December 25, 2013
A village Christmas. I could never have imagined it would be the way it turned out to be. Mind you, I knew going into it that it was to be a blind acceptance of an unknown to-come; I could not have predicted any particular sort of way 5 days in a remote village could be. And, frankly, it was with a good deal of trepidation that I stepped out of my comfort zones to do this. For one, I was out of my technology comfort zone: for one who is normally internet-reliant for all manner of connectedness, no online access for this amount of time would be no small venture.
For two, this would be out of my working comfort zone: it was going into someone else’s work life, basically as a bystander, and letting go of the crutch that my working identity generally functions as. Finally, this would be a departure from “comfort zone” in the expected “comfort” level of the word: logistics such as no indoor plumbing, for one (the closest outhouse being down the hill, past some homes, and back up the hill again) meant any Western idea of comfort was, well, anywhere but here!
But the surprising thing that happened, once I’d had a day or so to get my bearings, was the realization that somewhere deep inside the city-dwelling self I have become, there is a part of me that was shaped by my early village-dwelling existence. So I found myself settling happily into the pace of days spent observing toilet installations, playing impromptu games with laughing little ones, and then, in the oddest manner imaginable, celebrating Christmas. Christmas Eve began with a discussion over the breakfast table as to how the workday would begin. One project leader had left for a supply run that day, leaving us with a shortage of both supplies and leadership. The suggestion was made to do an alternate task at hand, hiking to the water source for an inspection. The village leader suspected it would take us 5 hours. Since it actually took 4, I later had my own suspicions that he was tacking on a significant chunk of time to allow for an apparently slow female hiker :-). It was, in fact, an arduous climb. For portions if the trek I felt like I was having to dredge up rock climbing skills (and, alternatively, bottom-sliding skills for the way down). It wasn’t particularly pleasant either, with the sun growing quite warm and the guide warning us against baring skin when in the tall grass. My fear of itchy skin overpowered present discomfort so I begrudgingly kept my winter jacket zipped up to my chin.
Eventually we made it to the top and inspections were made of the small streams that sufficed as water sources for the village. At one of them, after Peter had spoken with our guide for a bit without figuring out what the exact problem might be, he asked the guide if he could see the other end of the pipe that was directing water from the collection tank down the hill. He held the end up to his mouth then gave it a forceful blow. When a chunk of mud came out the other end, Peter scooped it out of the holding tank and smiled. “I’m really just a glorified plumber,” he quipped.
On the way back down, once I had determined for myself that I would, in fact, survive this hike, it occurred to me that I should somehow commemorate this as the day it was. I began to quietly hum “away in a manger.” Peter heard me and joined in, so I began to sing at a more normal volume. For the rest of the hike we worked through all the Christmas carols we could think of. One of my falls came in the middle of one of the songs I tend to get particularly engrossed in. I got up and recovered my bearings, still singing as I did so. “Maybe we should stop singing …” Peter suggested. I insisted that singing had no effect on my hiking abilities and we carried on.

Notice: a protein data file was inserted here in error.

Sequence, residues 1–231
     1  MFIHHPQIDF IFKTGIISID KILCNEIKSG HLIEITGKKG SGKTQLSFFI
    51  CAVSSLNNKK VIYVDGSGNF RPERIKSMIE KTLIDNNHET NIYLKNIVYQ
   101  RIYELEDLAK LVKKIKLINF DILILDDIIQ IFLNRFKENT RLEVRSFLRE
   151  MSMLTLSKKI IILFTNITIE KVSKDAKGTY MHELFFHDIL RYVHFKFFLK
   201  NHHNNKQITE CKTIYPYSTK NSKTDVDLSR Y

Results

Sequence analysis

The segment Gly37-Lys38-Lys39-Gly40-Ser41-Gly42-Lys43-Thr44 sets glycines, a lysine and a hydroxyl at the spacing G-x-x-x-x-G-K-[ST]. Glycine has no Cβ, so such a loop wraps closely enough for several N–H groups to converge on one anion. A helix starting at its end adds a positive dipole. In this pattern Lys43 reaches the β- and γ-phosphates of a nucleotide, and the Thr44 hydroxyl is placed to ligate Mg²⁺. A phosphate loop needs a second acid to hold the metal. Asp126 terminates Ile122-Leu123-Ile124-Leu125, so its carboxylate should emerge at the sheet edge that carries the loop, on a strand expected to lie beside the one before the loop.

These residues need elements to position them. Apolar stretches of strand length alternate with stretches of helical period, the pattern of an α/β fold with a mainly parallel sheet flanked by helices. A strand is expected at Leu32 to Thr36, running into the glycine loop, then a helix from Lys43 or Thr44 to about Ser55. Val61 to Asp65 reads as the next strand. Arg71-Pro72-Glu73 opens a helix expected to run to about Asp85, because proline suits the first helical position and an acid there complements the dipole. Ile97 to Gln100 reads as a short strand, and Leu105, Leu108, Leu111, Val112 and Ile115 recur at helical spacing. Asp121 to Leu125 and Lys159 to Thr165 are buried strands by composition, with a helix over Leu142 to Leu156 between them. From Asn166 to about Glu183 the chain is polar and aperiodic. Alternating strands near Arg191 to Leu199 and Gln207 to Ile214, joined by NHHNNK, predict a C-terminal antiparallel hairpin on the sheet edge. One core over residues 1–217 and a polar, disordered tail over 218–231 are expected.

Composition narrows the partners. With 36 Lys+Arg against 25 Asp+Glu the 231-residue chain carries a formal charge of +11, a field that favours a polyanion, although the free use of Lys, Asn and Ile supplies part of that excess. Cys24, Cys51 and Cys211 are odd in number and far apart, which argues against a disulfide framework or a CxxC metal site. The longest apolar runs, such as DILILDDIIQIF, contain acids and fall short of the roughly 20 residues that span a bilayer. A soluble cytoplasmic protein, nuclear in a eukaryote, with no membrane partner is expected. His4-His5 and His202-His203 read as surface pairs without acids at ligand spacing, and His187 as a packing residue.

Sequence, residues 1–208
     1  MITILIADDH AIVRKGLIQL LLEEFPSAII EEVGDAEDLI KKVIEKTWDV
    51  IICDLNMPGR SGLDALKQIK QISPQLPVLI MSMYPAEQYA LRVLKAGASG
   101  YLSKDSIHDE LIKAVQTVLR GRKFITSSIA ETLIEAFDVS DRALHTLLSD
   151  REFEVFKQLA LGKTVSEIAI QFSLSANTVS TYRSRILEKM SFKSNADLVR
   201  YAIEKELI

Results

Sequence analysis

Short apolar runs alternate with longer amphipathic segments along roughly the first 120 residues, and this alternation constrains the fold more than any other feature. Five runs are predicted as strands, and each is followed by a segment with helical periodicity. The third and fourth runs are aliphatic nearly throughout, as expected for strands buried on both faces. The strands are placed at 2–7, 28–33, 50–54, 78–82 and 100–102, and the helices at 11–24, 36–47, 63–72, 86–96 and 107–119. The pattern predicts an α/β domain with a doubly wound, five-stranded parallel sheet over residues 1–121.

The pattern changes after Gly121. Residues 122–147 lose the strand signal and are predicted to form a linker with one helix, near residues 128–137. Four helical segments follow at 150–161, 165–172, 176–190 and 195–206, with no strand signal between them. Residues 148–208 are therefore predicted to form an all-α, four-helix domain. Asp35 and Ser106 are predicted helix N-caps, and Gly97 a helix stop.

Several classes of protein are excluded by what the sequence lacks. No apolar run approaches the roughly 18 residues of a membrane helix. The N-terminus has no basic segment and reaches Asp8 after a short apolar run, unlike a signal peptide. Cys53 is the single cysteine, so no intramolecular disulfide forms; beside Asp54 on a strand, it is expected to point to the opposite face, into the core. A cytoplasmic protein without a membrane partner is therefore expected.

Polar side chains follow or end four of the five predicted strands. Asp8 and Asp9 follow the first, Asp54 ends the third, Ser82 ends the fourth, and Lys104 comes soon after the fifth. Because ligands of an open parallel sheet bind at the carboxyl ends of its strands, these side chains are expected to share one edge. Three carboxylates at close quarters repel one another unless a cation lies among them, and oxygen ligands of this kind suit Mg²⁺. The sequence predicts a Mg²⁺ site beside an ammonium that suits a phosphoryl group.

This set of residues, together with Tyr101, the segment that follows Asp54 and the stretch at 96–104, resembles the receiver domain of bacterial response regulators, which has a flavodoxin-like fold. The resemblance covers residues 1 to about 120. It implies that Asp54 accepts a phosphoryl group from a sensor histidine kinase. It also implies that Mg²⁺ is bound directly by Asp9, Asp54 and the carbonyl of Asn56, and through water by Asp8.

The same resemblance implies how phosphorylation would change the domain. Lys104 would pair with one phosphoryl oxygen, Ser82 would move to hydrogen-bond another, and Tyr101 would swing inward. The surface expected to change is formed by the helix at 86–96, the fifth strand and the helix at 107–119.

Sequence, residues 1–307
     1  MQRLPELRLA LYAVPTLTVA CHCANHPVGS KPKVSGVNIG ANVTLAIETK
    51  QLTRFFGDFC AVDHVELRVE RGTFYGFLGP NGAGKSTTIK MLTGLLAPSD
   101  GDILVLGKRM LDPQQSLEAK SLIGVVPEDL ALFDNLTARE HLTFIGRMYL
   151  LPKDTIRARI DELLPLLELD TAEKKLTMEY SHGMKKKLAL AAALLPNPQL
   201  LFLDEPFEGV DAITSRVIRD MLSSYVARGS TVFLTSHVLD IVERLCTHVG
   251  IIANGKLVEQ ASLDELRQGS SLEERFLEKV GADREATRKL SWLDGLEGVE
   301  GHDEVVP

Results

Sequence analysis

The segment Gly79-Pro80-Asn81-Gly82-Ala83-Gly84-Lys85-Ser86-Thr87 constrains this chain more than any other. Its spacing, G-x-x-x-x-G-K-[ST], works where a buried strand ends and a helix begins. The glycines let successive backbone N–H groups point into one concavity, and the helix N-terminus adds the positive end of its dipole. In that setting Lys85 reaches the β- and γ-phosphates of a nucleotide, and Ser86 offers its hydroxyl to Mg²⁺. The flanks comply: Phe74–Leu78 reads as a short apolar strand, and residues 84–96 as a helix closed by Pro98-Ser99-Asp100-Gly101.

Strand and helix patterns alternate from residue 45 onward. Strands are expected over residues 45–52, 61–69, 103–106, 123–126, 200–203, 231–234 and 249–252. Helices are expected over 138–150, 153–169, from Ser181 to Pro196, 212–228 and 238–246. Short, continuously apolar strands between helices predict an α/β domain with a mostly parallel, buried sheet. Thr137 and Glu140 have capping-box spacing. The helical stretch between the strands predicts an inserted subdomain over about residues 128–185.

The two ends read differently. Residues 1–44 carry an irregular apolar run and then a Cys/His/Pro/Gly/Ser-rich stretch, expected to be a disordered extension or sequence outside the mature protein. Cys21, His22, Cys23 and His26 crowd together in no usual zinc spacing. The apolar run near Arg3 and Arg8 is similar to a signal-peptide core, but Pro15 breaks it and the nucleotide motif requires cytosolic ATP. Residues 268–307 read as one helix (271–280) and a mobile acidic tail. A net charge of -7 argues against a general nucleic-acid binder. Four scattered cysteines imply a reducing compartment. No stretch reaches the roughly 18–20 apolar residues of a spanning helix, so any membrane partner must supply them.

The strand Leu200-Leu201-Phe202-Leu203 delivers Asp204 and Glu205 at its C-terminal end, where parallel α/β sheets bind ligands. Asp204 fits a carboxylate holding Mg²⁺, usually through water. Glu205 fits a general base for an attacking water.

By the time we returned to the village, I was covered with a layer of botanically interesting, but personally undesirable, burrs and prickles of all manner of species. I was dreading the prospect of removal until I realized that, village life being what it is, the process would be relatively painless (no pun intended). As the women laughed at me, and commented on how “li hai” (strong) I was to have finished the hike, the prickle removal was made short work of, with many hands.
That afternoon held more septic tank installation work for much of the village. So though our team had spoken a bit of attempting some sort of nativity play, we were short on both time and energy by the time evening came. At dinner, however, a mention of caroling was made. I almost jumped off my stool as I envisioned the idea. “Why not?” I asked. “Is it appropriate? Can we? … Let’s do it!” So we spent Christmas Eve caroling-going from one village doorstep to the next, and ending each with a “sheng dan jie quai le!” (“Merry Christmas!). Judging from the shy smiles on little faces and the amused grins on big ones, I’m quote certain that some significant Christmas goodwill was spread to all … Or at least to most :-)
Once we had finished, and bedtime neared, I began to think towards the travel coming the next day. A tear rolled down my face when I spoke out loud the realization that I was sad. Sad to be leaving, so soon, this place that so rapidly stole my heart.
The next morning we left on motorcycles. My backpack strapped to my back and my hands gripping the driver, I think I grinned the whole way down; I was smiling at both my love of motorcycle transport and at the amusing way this ride was commemorating Christmas morning. A motorcycle ride led to a bus ride shared with a tank of live fish and, as I write this, we travel on. On to the next stopping point and then, the next day, on to the next adventure.
“Oh God, what is man that You are mindful of him, and the son of man that You care for him?” (Ps 8:4)
…that You are so good as to fill the heart of a woman who wants You, and who wants to want You more?